A brothel madam who used voodoo curses to force young girls to become sex slaves and made them eat live snakes has been ordered to pay back more than £20,000 out of her profits.
Lizzy Idahosa, 24, made more than £186,000 out of the Nigerian women, who were terrified with black magic and made to see a witch doctor for a sinister ‘juju’ ceremony, a court heard.
The two victims, aged 23 and 29, had their pubic hair shaved and were forced to eat live snakes and snails as part of the ritual before being flown to Britain where they slept with men across the country.
Idahosa was found guilty of trafficking the women at Cardiff Crown Court and was jailed for eight years in November 2014 – while her husband Jackson Omoruyi, 41, was sentenced to two years.
A Proceeds of Crime hearing revealed that Idahosa had profited by £186,400 from her sex ring.
But prosecutor Eugene Egan told Cardiff Crown Court that investigators could find only £21,900 in Idahosa’s bank accounts.
Judge Tom Crowther ordered Idahosa to pay the cash traced to her accounts – or face a further nine months in prison.
During their trial the court heard that the two women were terrified into doing what they were told because they believed the juju powers would work.
The pair were eventually found by immigration staff at a brothel in Cardiff and the court heard they had been exploited and abused in the most brutal manner.
Speaking about her horrific ordeal, one 29-year-old victim said: ‘It was not a big snake, but it was alive.I just closed my eyes and put it in my mouth.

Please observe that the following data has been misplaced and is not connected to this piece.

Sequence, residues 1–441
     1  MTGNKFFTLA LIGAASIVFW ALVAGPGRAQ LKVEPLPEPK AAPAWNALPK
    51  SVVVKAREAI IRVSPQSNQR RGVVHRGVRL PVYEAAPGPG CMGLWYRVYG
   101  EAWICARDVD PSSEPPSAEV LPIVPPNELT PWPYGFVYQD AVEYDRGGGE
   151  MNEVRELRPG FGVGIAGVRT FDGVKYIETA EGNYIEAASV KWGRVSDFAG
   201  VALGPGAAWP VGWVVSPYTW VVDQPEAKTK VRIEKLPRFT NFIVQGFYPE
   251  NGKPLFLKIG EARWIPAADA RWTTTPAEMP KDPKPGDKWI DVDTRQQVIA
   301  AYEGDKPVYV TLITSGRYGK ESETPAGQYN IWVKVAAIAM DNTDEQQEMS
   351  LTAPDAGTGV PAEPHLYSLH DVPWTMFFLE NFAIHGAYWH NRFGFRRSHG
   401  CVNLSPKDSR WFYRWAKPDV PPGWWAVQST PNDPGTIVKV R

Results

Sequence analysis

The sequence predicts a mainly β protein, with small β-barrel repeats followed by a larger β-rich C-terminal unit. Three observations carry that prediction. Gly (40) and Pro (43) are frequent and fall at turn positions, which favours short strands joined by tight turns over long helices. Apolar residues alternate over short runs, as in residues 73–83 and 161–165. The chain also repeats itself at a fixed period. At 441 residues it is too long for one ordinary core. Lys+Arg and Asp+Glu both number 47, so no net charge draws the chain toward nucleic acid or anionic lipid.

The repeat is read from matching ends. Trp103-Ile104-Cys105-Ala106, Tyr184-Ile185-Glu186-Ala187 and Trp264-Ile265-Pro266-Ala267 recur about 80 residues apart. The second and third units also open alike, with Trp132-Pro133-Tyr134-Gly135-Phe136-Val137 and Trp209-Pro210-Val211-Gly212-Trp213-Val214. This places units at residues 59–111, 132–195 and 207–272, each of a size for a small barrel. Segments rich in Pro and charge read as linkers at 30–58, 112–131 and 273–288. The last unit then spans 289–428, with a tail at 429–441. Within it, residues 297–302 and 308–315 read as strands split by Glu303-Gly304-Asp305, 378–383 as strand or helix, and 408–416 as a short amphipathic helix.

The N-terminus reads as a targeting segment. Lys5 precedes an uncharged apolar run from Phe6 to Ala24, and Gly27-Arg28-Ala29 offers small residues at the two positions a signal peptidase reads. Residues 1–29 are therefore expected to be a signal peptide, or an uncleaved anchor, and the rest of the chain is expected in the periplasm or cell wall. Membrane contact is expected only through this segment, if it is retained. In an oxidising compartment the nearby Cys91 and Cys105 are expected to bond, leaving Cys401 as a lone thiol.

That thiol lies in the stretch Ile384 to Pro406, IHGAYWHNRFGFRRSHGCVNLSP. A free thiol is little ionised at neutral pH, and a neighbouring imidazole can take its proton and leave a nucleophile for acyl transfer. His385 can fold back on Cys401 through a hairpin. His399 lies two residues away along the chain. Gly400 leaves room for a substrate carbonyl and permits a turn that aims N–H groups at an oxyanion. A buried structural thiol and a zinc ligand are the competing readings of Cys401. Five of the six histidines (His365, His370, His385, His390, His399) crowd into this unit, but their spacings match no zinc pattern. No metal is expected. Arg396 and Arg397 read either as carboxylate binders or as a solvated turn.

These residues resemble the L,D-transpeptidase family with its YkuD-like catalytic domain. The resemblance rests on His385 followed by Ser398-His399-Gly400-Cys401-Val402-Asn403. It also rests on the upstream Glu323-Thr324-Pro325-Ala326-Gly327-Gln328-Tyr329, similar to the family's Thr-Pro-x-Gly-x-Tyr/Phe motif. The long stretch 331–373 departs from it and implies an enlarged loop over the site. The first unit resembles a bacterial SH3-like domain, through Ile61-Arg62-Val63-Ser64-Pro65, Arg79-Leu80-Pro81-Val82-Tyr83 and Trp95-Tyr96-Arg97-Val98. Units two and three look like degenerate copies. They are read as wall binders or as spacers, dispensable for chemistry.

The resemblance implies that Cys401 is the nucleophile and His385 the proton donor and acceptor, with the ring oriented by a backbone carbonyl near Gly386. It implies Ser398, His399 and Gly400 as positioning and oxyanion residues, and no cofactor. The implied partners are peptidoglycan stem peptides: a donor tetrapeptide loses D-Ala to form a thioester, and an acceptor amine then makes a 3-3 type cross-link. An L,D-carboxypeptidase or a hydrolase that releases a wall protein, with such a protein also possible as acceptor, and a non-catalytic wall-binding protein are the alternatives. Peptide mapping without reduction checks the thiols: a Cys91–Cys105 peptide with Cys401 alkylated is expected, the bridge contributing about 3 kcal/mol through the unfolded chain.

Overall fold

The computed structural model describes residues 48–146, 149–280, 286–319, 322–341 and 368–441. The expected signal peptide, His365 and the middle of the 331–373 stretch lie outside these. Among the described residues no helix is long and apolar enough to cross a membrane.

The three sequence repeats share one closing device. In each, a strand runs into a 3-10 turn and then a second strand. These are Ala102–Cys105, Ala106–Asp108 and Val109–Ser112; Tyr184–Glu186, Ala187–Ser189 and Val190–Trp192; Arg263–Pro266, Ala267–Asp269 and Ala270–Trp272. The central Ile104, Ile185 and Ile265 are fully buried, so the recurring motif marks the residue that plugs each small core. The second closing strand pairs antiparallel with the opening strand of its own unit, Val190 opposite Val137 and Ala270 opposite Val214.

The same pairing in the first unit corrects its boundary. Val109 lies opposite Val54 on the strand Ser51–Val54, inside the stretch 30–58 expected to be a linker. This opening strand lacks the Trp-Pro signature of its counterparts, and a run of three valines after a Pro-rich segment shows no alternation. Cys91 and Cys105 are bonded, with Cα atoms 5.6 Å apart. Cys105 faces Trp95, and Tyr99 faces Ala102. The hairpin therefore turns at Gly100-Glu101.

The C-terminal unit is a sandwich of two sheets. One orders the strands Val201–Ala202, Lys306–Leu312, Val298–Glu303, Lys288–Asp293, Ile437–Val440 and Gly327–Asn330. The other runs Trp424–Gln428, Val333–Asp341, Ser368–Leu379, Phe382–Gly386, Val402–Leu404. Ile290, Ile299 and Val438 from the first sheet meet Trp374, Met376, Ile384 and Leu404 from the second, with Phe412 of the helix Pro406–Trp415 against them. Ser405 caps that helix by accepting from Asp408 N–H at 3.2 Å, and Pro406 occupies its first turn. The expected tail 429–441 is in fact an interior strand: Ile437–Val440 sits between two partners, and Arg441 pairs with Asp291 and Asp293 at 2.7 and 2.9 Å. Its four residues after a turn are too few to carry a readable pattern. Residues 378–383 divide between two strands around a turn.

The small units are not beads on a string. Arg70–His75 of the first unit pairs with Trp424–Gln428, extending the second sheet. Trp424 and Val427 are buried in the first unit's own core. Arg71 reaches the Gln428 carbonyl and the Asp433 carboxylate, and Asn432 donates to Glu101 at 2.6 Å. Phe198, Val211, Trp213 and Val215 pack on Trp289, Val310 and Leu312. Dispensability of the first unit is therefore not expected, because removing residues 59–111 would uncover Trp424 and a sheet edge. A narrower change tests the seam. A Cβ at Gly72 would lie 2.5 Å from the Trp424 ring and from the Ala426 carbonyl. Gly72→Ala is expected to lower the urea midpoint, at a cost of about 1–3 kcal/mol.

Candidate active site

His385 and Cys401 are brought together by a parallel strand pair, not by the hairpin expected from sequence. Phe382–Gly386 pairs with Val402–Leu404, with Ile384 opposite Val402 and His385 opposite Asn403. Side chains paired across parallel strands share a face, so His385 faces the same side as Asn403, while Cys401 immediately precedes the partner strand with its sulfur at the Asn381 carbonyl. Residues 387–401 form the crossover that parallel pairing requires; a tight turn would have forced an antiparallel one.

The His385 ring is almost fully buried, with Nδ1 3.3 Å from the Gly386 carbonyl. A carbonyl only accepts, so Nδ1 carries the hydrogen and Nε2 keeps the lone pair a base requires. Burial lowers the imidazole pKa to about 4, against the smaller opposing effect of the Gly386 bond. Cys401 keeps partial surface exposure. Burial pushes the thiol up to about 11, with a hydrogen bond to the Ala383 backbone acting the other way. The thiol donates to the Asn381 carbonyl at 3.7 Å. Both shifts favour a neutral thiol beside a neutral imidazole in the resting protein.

‘They told me if I messed if up, I would get sent back to Nigeria and Lizzy would kill me. I wanted to stop. I was ashamed of myself and I had no life.’
When the women arrived in the UK they were put to work as prostitutes, working in brothels at massage parlours across England and Wales.
They were told they had to give all the money they earned to Idahosa, and believed the black magic curses would make them go insane or die if they refused.
‘The couple were involved in the exploitation of two women brought into the UK from Nigeria to work as prostitutes,’ said Caroline Rees, prosecuting, during the trial.
‘They were bound to this by something called a juju ritual. It was a ceremonial ritual used to full effect to terrify both women into doing what was demanded of them.
‘It was used to ensure compliance, secrecy, and they believed if they broke the bond dire consequences would follow: illness, madness, infertility or death.
‘They genuinely believed the powers would work.’
The offences came to light after police arrested a 23-year-old Nigerian woman at the Ambassador Suite brothel in Cardiff, in June 2013.
She told officers she had been living rough in Nigeria after her mother died and had wanted to travel to the UK to find her father.
She had then met a woman, claiming to be Idahosa’s sister, who promised to make arrangements for her to travel to London, and as part of the agreement had to take part in the ceremony.
‘She did not know what was expected of her,’ said Ms Rees, who said the woman had been able to pass through immigration at Heathrow.
‘She was taken to a premises full of women dressed in their underwear. There was no explanation as to what was going on but it soon became clear.’